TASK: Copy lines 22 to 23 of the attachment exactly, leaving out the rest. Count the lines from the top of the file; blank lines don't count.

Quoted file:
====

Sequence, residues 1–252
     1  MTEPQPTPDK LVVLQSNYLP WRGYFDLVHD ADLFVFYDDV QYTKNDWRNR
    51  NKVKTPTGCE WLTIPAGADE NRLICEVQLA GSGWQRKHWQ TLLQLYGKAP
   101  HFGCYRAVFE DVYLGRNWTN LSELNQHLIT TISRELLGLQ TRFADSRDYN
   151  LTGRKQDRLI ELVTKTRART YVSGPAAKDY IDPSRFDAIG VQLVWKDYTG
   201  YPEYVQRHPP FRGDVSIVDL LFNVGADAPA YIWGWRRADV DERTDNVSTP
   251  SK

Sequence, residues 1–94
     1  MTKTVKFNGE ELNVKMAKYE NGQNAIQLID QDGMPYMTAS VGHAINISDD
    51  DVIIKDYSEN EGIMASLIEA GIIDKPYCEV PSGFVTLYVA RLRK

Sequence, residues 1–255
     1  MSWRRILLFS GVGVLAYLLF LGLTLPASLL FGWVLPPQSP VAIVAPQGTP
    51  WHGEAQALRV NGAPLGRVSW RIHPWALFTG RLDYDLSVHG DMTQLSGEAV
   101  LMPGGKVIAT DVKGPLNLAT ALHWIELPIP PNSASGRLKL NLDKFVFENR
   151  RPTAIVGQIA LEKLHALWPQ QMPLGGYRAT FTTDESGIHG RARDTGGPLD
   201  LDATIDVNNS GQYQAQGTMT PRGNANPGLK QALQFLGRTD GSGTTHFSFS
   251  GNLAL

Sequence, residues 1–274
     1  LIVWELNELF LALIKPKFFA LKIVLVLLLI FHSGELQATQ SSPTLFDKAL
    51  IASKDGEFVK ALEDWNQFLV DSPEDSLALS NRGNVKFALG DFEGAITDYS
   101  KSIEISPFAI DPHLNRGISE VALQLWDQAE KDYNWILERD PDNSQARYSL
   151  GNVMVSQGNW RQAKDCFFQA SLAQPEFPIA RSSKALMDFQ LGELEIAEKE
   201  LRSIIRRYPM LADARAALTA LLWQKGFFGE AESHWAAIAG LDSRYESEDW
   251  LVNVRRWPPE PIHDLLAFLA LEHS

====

   151  GNVMVSQGNW RQAKDCFFQA SLAQPEFPIA RSSKALMDFQ LGELEIAEKE
   201  LRSIIRRYPM LADARAALTA LLWQKGFFGE AESHWAAIAG LDSRYESEDW